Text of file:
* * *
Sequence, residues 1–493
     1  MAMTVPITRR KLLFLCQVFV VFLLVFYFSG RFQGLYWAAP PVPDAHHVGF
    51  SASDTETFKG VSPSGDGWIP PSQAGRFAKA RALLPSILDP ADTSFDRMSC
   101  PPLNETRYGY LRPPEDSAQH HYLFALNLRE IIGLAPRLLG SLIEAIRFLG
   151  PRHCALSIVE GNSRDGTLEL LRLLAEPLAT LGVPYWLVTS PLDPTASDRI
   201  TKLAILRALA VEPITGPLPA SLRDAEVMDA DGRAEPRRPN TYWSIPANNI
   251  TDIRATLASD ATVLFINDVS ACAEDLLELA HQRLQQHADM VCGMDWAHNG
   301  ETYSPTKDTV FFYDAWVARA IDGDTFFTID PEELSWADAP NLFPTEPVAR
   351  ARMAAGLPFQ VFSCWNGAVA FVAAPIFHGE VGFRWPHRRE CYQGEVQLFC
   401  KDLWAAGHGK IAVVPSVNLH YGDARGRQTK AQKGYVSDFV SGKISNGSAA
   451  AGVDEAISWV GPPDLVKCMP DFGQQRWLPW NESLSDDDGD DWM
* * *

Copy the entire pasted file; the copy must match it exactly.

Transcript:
Sequence, residues 1–493
     1  MAMTVPITRR KLLFLCQVFV VFLLVFYFSG RFQGLYWAAP PVPDAHHVGF
    51  SASDTETFKG VSPSGDGWIP PSQAGRFAKA RALLPSILDP ADTSFDRMSC
   101  PPLNETRYGY LRPPEDSAQH HYLFALNLRE IIGLAPRLLG SLIEAIRFLG
   151  PRHCALSIVE GNSRDGTLEL LRLLAEPLAT LGVPYWLVTS PLDPTASDRI
   201  TKLAILRALA VEPITGPLPA SLRDAEVMDA DGRAEPRRPN TYWSIPANNI
   251  TDIRATLASD ATVLFINDVS ACAEDLLELA HQRLQQHADM VCGMDWAHNG
   301  ETYSPTKDTV FFYDAWVARA IDGDTFFTID PEELSWADAP NLFPTEPVAR
   351  ARMAAGLPFQ VFSCWNGAVA FVAAPIFHGE VGFRWPHRRE CYQGEVQLFC
   401  KDLWAAGHGK IAVVPSVNLH YGDARGRQTK AQKGYVSDFV SGKISNGSAA
   451  AGVDEAISWV GPPDLVKCMP DFGQQRWLPW NESLSDDDGD DWM